Still, on my first viewing when "Jason" was unmasked I was like "Wait, who?"


It also contains one of my all-time favorite bad movie moments: The newspaper clippings at the end, complete with a picture of Jason in action. What fearless photographer took that picture?

post #10 of 1212
New Beginning also stars Debi Sue Voorhees (no relation), who is easily my favorite of all Jason/Fake Jason's victims.
post #11 of 1212
Quote:
Originally Posted by Bradito View Post

New Beginning also stars Debi Sue Voorhees (no relation), who is easily my favorite of all Jason/Fake Jason's victims.

 

Agreed.  She was real and spectacular.  

post #12 of 1212
Adrienne King remains my favorite Final Girl. She holds the distinction of having vanquished Mrs. Voorhees and been Jason's first on-screen victim.

I also met her at a convention once, and she was super-nice to me. Additional points there.
post #13 of 1212
Quote:
Originally Posted by Bradito View Post

New Beginning also stars Debi Sue Voorhees (no relation), who is easily my favorite of all Jason/Fake Jason's victims.

 

Ever hear what became of her? She became a teacher and her students found out about her past. They circulated the tits shot of her around the school, who in turn banned her from coming to graduation. A little reactionary, methinks.

 

 

Quote:
Originally Posted by Bradito View Post

Adrienne King remains my favorite Final Girl. She holds the distinction of having vanquished Mrs. Voorhees and been Jason's first on-screen victim.

I also met her at a convention once, and she was super-nice to me. Additional points there.

 

It's all about Amy Steel for me:

 

post #14 of 1212
Part 2 does have one of my favorite moments when Steel is hiding in Jason's shanty, and through the window, you can see Jason outside running flat-out for the front door. Just a terrific "Oh, shit!" scare that the series eventually lost once Jason mastered the art of teleportation.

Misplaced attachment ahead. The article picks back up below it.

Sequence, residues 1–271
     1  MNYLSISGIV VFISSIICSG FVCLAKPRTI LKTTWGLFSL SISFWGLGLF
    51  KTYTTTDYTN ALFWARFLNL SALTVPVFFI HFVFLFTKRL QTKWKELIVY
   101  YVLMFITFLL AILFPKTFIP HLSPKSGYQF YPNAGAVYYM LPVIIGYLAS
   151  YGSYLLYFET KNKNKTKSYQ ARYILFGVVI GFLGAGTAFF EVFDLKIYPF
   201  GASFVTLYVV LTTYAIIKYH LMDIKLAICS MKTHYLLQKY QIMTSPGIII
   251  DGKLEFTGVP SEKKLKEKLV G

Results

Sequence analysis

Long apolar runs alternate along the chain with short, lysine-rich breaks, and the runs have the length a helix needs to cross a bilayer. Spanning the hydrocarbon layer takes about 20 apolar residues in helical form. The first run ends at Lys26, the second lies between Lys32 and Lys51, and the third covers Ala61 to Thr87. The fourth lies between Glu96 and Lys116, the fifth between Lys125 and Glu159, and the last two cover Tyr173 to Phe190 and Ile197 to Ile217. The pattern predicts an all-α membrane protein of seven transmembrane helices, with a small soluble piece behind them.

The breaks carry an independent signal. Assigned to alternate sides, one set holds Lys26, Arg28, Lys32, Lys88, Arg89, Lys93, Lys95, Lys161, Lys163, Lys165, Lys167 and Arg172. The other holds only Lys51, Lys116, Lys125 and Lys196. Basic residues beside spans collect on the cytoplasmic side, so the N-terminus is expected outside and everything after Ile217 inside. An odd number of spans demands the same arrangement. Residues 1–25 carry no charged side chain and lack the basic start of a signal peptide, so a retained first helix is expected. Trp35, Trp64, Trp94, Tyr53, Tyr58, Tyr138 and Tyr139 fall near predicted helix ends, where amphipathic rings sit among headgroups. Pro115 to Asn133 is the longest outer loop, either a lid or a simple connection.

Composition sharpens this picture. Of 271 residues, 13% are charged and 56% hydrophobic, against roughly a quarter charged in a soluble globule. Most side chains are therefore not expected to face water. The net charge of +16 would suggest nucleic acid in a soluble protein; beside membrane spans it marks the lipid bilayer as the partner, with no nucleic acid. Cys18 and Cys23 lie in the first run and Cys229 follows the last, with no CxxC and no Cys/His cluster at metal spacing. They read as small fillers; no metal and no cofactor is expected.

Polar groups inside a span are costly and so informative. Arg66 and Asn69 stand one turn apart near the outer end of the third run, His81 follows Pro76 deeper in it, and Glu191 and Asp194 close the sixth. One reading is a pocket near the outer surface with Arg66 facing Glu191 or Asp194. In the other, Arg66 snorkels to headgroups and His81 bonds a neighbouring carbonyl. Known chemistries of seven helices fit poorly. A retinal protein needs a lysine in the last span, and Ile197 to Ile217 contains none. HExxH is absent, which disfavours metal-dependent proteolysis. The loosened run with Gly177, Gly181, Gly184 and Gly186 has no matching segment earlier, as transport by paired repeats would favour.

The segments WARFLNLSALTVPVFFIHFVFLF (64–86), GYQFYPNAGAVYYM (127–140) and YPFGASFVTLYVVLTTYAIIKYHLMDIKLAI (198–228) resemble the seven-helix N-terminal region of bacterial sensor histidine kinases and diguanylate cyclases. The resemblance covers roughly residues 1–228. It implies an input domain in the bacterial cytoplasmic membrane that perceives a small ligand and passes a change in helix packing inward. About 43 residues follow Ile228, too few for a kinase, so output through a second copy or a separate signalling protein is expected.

post #15 of 1212
Quote:
Originally Posted by raptors661 View Post

There is a 7 hour documentary covering the whole franchise (including the shitty series) coming out in the next couple of months. crystallakememories.net

 

Interesting. His Name was Jason is also worth a watch ( Never Sleep Again while I am at it). But 7 hours! Hell, why not.

post #16 of 1212
Quote:
Originally Posted by Bradito View Post

Part 2 does have one of my favorite moments when Steel is hiding in Jason's shanty, and through the window, you can see Jason outside running flat-out for the front door. Just a terrific "Oh, shit!" scare that the series eventually lost once Jason mastered the art of teleportation.

 

I've always loved that moment. I'm also fond of the brief glimpse we see of Jason running across the road and into the brush before the cop stops his car to give chase. It's so out of the blue and as a kid, I found it kind of unnerving.

 

Another seldom mentioned moment I've always enjoyed: During the final girl's getaway in Part 3, Jason is just standing awkwardly on the side of the road while the wind is blowing leaves everywhere. It's a spooky image that has always stuck with me.

 

Glad to see this thread created, as I was just checking on the status of a new Friday the 13th today (status: starting production in a month or so). I was lukewarm on the remake, but I appreciated the return to rustic Jason with no frills. If they can tone down the unlikable characters for next time and adjust the tone a bit (watch Part VI for some inspiration!), I'll be happy.

post #17 of 1212

Everyone knows about the new blu-ray boxset right?

post #18 of 1212
Anybody have the book, "Crystal Lake Memories?" Essential reading for fans. So many great anecdotes in there. Not sugar-coated, either. There's some real shit-talking and longstanding grudges among the cast, crew and creators.
post #19 of 1212

I borrowed it from a fellow CHUD-ite and went through it.  Really great stuff.

post #20 of 1212

Does anyone remember when they were seeking Patricia Clarkson out for Mrs. Voorhees in the remake? I remember thinking "That'll never happen." And it didn't. But I really admired their ambition.

post #21 of 1212

I remember getting the Crystal Lake Memories book in 2008 and powered through it in a few days. I re-read it over the course of this summer in anticipation of the documentary coming out. I luckily got in on getting an autographed copy from the website Dark Delicacies. It's not just one autograph either. It's supposed to be between 25-30 on the cover and the back. They haven't announced who's signing, but I'm hoping it's some of my favorites like Amy Steel, John Furey, Russell Todd, Paul Kratka, Dana Kimmell, Larry Zerner, Judie Aronson, Lawrence Monoson, and a few others. Debi-Sue Voorees would also be most appreciated!